There’s a spot in the Indonesian seaside village of Tongke-Tongke where people like to hang out at sunset.
It’s a boardwalk winding through a dense forest of mangroves along the coast. The tangled root systems of the trees poke out of the water, like tent poles holding up the tree trunks.
Teenagers in this town of roughly 3,000 people take selfies with the dense leafy canopy as a backdrop, while families stroll along the boardwalk.
None of this may have been here if it weren’t for Hidayat Palaloi.
“Before, this area was not like this, it was just empty land, coastline and a beach,” says Palaloi, the head of a mid-sized conservation nonprofit based in Makassar, Indonesia, called the Indonesian Self Growth Foundation.
Without the natural wave protection offered by the mangroves, the coastline in Tongke-Tongke was being eroded.
“The erosion was constant,” Palaloi says. “People say some houses on the coastline disappeared and people had to move inland.”
Now, there are miles of mangroves that protect the village here. That’s partly thanks to Palaloi, who’s been helping towns like Tongke-Tongke plant mangroves on the island of Sulawesi for more than two decades.
The somewhat stern 51-year-old’s motivation comes from a childhood tinged with tragedy.
Palaloi grew up about 150 miles up the coast from Tongke-Tongke, in another coastal village in the province of South Sulawesi.
Palaloi’s family raised fish in ponds. But eventually, because mangrove forests had been torn down to make way for aquaculture in the village, erosion ate away at the coast until the ponds were enveloped by the sea.
“For my family, these fish ponds were the main income, and when they failed, our income was gone,” Palaloi says. “My family tried to get other work, but it wasn’t enough.”
His family wasn’t alone.
In the 1980s and '90s, the Indonesian government backed the large-scale conversion of mangroves into ponds for raising fish and shrimp in what was called the “blue revolution.”
This aquaculture strategy is part of the reason why the country has lost 40 percent of its mangroves in the past three decades. The sprawling island nation of Indonesia still has about a quarter of the world's mangrove forests, but they’re disappearing faster there than anywhere else.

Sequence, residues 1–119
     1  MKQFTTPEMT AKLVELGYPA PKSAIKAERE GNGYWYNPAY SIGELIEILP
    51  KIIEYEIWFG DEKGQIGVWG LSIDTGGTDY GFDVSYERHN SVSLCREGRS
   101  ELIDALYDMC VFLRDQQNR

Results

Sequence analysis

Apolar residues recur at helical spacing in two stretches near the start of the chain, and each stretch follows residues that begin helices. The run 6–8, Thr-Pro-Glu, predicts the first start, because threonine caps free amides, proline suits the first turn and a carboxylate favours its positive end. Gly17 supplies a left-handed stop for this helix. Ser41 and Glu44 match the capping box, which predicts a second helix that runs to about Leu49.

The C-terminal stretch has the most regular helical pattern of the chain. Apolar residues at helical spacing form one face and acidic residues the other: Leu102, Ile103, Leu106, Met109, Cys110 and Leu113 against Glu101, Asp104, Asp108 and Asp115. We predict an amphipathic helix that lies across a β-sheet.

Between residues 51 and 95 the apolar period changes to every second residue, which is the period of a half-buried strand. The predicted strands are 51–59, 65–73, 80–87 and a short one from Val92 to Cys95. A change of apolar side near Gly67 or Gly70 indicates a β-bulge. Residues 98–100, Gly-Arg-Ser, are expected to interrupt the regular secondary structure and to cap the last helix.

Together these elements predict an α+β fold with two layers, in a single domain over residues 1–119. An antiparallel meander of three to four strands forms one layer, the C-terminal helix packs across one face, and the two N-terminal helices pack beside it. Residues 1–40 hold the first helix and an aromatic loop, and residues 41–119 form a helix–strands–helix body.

After many of Indonesia’s mangroves were stripped away, erosion hit coastal communities hard.
“I saw for myself how erosion hurts people, and I knew I didn’t want to see another community experience what mine did,” Palaloi says. “So that’s why I started doing this [conservation] work.”
In the 1980s, Tongke-Tongke was starting to look a lot like Palaloi’s hometown.
"The floods happened from January until April,” says Tongke-Tongke resident Saenuden, who lived not far from the coast in the 1980s.
“Every day, the water came into the house almost two feet above the floor,” Saenuden says. “It was uncomfortable, to say the least.”
Saenuden and other villagers started planting mangrove seedlings in tidal zones, but there was infighting among the different conservation groups and fishermen, and people threatened to chop the trees down for firewood.
Palaloi stepped in to mediate in the late '90s. He and two of his staffers lived in Tongke-Tongke for years, staying with local residents on a rotational basis to build alliances with residents all over town.
Palaloi successfully politicked enough to get community members working together, helping them to create a master plan for their village and expand their mangrove planting efforts.
“I think if he didn’t help us to resolve the conflict, I’m not sure that this mangrove forest would be here now,” Saenuden says.
Palaloi’s method is to tap local leaders like Saenuden to plant mangroves and then monitor the health of the trees. He sees his role as enabling community members to envision and complete their own projects, rather than dictating what communities should do.
He’s spread the gospel of mangroves to roughly 20 different communities around South Sulawesi.